Today, the disappearance of Latino stars from the U.S. pop firmament seems more stunning than their ascent.
“Everybody thought the Latin thing would be the next big thing, and I’m totally surprised that it hasn’t happened,” says former Madonna and Michael Jackson manager Freddie DeMann, who engineered Shakira’s crossover success. “There’s a wealth of talent out there that for some reason, which I can’t figure out, is underrepresented in television, music and the movies.” What happened? The answer goes well beyond the vicissitudes of pop music tastes, which are fickle and often unfathomable. It has to do with long-term patterns of assimilation, historic resistance to foreign languages, and the overwhelming dominance of American marketing in the world.
Far from marking a cultural milestone, the Latin Explosion simply demonstrated once again this country’s capacity to absorb outside cultures and neutralize them. It proved that any Latinization of America inevitably involves the Americanization of Latinos.
The Latin Explosion “may ultimately have been just another turning point that didn’t turn, just another novelty that got picked up on,” says professor George Lipsitz, chair of American studies at UC Santa Cruz. “On the other hand, it may be the harbinger of something more profound.
“It may be that the actual culture is ahead of the music industry, and it may be that in the streets and dance halls and on the turntables of U.S. society there’s a different kind of mixing. It’s not an either/or choice between separate Latino barrios and a homogenous white center. So it’s not just a question of separatism versus assimilation, but it’s what degree of mixture and at what time.”
Commerce, not culture
In some ways, the Latin Explosion was a quintessential American success story. But it’s about commerce, not culture. Not coincidentally, four of the five top crossover stars -- Ricky Martin, Marc Anthony, J. Lo and Shakira -- all belonged to one company, Sony Music.
“The Latin rock explosion was engineered by Sony,” says Joe Levy, deputy managing editor of Rolling Stone magazine. “They planted the explosives and they lit the fuse.... They put tremendous marketing muscle behind all of this, believe me.”
Sony had the experience to make it happen. In the 1980s, when it was still Columbia, the company managed one of the biggest crossover feats in pop music history -- the selling of singer Julio Iglesias, Enrique’s father, to English-speaking fans. The elder star still holds the record for most consecutive sold-out shows at the Universal Amphitheatre: 10 nights in 1984.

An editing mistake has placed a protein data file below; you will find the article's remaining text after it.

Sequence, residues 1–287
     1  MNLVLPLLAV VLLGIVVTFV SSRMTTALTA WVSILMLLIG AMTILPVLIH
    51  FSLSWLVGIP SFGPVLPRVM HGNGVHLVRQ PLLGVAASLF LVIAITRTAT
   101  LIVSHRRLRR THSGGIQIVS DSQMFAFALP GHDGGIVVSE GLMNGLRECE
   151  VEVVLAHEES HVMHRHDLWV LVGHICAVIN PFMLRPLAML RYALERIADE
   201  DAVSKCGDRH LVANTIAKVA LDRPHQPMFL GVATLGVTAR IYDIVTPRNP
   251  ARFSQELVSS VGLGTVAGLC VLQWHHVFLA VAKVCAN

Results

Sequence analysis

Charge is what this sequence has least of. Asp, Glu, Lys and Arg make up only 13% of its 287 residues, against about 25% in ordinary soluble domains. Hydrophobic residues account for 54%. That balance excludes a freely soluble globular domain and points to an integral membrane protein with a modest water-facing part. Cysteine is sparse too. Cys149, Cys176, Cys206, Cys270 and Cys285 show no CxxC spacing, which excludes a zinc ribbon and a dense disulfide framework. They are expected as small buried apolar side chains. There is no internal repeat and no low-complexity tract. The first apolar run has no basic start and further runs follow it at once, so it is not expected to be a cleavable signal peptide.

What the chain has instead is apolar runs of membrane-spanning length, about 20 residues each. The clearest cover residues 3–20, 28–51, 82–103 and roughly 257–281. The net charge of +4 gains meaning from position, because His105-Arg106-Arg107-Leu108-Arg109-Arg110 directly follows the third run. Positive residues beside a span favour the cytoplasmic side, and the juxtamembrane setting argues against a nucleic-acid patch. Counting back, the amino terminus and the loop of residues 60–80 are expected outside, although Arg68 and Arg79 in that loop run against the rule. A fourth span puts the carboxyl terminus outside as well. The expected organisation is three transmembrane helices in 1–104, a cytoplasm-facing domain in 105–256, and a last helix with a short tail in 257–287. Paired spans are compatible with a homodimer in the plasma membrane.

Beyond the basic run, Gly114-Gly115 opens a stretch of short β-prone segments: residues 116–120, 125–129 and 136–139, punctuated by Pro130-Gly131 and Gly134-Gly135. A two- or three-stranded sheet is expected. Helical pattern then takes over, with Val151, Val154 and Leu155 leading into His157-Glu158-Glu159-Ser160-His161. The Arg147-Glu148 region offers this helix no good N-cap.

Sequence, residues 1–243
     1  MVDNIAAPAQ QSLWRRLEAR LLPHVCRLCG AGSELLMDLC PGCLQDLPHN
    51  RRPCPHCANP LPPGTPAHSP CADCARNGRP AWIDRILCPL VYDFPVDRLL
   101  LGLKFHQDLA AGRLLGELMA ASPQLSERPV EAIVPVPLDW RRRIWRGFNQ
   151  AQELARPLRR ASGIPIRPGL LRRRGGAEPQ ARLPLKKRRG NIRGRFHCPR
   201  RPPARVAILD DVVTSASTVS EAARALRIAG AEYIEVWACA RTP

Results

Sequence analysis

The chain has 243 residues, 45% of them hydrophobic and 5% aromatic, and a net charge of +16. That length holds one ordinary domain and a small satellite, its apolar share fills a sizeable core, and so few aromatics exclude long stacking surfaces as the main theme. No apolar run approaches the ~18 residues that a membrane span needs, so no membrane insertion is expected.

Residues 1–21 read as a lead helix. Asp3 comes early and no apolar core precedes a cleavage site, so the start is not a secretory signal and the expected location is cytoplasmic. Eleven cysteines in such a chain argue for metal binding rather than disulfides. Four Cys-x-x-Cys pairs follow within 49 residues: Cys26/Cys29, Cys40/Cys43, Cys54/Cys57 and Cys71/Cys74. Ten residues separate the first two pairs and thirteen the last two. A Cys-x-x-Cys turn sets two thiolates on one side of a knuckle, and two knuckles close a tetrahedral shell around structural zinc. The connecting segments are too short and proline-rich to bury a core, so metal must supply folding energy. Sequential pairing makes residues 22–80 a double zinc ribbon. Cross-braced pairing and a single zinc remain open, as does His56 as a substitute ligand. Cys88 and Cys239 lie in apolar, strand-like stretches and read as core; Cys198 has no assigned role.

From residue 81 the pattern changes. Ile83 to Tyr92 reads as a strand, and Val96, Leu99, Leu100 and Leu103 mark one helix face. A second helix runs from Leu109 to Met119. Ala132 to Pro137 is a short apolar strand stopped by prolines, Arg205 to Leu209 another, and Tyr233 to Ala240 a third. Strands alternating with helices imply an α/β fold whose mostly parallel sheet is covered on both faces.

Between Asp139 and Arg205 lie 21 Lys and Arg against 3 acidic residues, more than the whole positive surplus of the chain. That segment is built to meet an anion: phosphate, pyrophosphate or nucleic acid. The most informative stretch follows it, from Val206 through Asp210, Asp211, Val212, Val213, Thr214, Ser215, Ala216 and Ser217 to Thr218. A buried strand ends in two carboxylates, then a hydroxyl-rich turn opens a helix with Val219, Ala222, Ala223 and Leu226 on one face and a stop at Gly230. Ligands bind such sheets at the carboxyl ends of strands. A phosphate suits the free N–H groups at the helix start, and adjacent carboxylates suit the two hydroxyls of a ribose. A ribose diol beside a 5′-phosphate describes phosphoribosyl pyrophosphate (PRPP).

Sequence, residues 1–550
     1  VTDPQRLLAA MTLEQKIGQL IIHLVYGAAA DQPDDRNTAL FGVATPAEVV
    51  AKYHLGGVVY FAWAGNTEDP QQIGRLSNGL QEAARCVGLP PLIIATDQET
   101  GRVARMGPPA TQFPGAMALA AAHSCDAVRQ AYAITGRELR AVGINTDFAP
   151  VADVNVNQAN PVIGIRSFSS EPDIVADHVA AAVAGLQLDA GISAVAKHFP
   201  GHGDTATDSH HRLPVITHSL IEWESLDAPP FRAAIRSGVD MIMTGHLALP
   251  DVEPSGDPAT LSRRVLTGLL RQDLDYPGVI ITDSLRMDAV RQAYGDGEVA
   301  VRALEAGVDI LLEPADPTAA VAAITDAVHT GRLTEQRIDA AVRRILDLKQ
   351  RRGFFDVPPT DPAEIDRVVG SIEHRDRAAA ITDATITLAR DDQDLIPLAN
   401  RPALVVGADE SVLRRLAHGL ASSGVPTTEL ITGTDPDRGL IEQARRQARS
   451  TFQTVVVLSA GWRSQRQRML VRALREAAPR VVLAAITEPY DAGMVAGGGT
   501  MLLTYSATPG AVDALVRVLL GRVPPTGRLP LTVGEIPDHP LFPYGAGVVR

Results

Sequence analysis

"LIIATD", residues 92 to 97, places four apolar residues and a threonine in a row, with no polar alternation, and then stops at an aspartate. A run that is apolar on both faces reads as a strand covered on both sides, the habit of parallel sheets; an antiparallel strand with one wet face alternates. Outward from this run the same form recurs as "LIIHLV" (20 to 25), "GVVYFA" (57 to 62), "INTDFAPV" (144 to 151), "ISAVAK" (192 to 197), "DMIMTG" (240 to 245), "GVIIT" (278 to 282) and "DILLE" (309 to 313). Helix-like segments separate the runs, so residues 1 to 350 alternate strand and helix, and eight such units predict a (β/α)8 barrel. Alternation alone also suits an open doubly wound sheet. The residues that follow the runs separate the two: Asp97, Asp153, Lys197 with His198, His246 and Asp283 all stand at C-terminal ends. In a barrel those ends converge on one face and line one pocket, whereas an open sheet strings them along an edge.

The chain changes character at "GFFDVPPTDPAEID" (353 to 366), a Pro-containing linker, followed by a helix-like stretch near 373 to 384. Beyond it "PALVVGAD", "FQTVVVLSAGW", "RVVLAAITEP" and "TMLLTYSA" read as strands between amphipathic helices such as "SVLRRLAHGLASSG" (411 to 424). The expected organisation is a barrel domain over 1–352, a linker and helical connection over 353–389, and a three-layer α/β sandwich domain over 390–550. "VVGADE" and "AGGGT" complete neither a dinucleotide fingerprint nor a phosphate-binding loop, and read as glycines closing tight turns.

Iglesias had spent years building a huge worldwide fan base in various Romance languages -- Spanish, French, Portuguese and Italian. Columbia found the right moment and the right gimmick to translate that success, matching the crooner with Diana Ross and Willie Nelson for two hit duets.
A bit later, executives applied a similar strategy to package Cuban American singer Gloria Estefan for the U.S. market. By the time Martin and Shakira came along, Sony had the inside track on how to sell Latino artists in the U.S.
The formula: Play down the polyrhythms, play up the “hot and sexy” stereotype, and keep the lyrics generic, and mostly in English.
“I don’t want to sound too cynical, but what Sony did is the exact same thing that Ford does and Coke and Pepsi do,” adds Levy. “There’s a corporate story that’s gotten a little lost. Part of this was [former Sony Chairman] Tommy Mottola’s project. Whether or not this continues depends on whether the new executives at Sony want to continue with the business plan.”
Conditions today, though, are radically different than they were five years ago. Mottola has moved to another label and Sony is amid a proposed merger with German giant BMG. More important, say record producers and label managers, the economic downturn in the record industry has put the brakes on attempts to promote artists in new markets, an expensive endeavor under the best of conditions.
Not that anyone was particularly eager to take up the cause. When the crossover curve hit bottom with Mexican pop singer Thalia’s English-language debut last year, she couldn’t be rescued even by that Midas of Crossover, her husband, Mottola.
Earlier this year, Mottola admitted to Billboard magazine that the Latin Explosion was a mirage. “There never really was a Latin explosion,” he was quoted as saying. “But we used it to take gigantic advantage of it, and lots of our stars benefited from that.”